Mia Pantechis, a senior associate in the employment law team at Maurice Blackburn in Sydney, says she has represented “a handful” of young lawyers in legal disputes with former firms. The disputes stem from the young lawyers complaining about pay and working conditions and later being unfairly dismissed or bullied out of the firm.
“I have acted for junior lawyers in their first couple of years of employment who have raised issues about pay disparity, harassment and bullying in the workplace,” Pantechis says.
“They have found themselves in a situation where they have been victimised and sacked as a result of raising those issues. It speaks to the culture of law firms and the power imbalance that exists at that lower level.
“The positive to come out of the new rules is they shift the onus back to the firms to ensure they are properly monitoring the pay and working conditions of graduate lawyers and legal support staff, making sure pay is appropriate when compared to the hours being performed.”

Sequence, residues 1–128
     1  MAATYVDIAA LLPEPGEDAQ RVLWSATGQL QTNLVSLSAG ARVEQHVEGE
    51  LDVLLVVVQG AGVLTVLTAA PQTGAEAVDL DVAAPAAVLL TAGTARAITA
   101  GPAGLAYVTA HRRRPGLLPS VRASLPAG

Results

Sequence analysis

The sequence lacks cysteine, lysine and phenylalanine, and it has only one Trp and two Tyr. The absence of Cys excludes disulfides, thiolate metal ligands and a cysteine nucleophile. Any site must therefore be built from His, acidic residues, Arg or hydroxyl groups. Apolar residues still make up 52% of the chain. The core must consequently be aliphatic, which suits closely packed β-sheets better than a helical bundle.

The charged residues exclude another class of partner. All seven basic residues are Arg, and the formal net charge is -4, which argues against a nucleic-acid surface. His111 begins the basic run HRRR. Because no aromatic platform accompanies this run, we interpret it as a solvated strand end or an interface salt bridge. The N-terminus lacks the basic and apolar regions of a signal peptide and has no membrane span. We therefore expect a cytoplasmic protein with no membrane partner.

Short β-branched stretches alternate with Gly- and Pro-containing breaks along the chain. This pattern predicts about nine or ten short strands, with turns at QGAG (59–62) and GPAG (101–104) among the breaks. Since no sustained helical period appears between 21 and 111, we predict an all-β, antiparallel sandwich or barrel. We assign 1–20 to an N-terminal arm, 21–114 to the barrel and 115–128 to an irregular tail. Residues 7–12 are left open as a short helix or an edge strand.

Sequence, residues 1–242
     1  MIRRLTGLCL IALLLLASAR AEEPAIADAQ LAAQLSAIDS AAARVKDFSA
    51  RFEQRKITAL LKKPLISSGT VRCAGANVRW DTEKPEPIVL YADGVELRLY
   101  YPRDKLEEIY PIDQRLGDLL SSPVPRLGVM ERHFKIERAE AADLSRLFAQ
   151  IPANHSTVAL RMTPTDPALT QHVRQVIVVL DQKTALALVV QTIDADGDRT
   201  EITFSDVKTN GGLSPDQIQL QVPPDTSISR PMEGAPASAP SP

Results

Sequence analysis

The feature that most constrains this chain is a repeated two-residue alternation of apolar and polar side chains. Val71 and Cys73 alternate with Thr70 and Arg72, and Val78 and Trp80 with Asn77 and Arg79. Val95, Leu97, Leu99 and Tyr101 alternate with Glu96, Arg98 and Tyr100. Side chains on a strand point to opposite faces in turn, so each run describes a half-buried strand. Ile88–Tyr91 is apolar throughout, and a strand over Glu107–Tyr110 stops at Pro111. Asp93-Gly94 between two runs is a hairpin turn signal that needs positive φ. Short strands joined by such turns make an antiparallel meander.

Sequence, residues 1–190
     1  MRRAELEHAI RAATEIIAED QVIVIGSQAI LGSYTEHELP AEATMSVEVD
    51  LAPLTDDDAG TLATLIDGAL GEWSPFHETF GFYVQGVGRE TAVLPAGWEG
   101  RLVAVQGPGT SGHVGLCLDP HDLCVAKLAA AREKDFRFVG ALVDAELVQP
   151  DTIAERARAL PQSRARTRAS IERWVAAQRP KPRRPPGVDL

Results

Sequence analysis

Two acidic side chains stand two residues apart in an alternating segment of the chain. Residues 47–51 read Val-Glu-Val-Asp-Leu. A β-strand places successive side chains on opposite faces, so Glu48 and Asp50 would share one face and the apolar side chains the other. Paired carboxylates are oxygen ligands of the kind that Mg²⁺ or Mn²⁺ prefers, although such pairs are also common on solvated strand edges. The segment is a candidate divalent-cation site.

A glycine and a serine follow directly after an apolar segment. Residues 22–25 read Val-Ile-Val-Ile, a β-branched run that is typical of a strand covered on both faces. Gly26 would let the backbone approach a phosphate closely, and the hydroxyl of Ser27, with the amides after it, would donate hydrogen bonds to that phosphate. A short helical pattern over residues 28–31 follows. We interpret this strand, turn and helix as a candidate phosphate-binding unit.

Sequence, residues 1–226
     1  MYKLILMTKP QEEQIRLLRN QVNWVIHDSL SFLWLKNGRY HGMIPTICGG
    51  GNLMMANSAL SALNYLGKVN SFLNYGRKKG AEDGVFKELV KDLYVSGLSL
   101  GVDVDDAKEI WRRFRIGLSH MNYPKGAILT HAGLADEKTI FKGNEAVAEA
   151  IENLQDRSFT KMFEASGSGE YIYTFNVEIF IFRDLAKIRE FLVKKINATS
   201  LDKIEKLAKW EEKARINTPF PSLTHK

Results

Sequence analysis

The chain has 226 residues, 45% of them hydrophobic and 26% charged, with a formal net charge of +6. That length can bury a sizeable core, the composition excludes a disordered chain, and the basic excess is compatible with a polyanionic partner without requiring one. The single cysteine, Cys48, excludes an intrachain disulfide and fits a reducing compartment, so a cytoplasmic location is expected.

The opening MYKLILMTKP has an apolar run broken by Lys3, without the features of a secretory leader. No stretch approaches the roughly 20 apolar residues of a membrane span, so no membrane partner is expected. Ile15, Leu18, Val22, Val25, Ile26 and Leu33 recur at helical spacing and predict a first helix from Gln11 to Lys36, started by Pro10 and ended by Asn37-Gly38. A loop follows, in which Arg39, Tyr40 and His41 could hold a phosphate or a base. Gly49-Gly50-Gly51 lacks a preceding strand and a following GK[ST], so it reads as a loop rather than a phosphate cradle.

The Legal Services Award does not cover lawyers recently admitted to practice. The legislation deems that, once a graduate completes practical legal training and receives their practising certificate, they become a qualified professional and can negotiate a higher salary.
But most young lawyers do not immediately have opportunity to negotiate a salary; and acquiring a practising certificate does not immediately instil confidence to demand higher pay.
“Young lawyers in their first years of practice are still vulnerable,” says Pantechis. “The billable hour model can foster a culture of long hours and result in unsafe working conditions, and because of their vulnerable position, young lawyers fear speaking up.”
Nick Brown, a lawyer at LegalVision who rejected a career in top-tier law when he left Clayton Utz in 2014, says lawyers will continue to record billable hours but will underestimate the extra time spent in the office doing work that can’t be billed for.
“Realistically, the pressure that is brought to bear on grads is very subtle, it’s not direct. It’s just: this is what everyone has always done, and this is what everyone is expected to do,” he says.
“I can’t see the firms setting up new systems to track hours, when there is an easy way in terms of billable time sheets in assessing what people are doing and just using that instead. The real hours will typically be massively underreported.”
*name changed for anonymity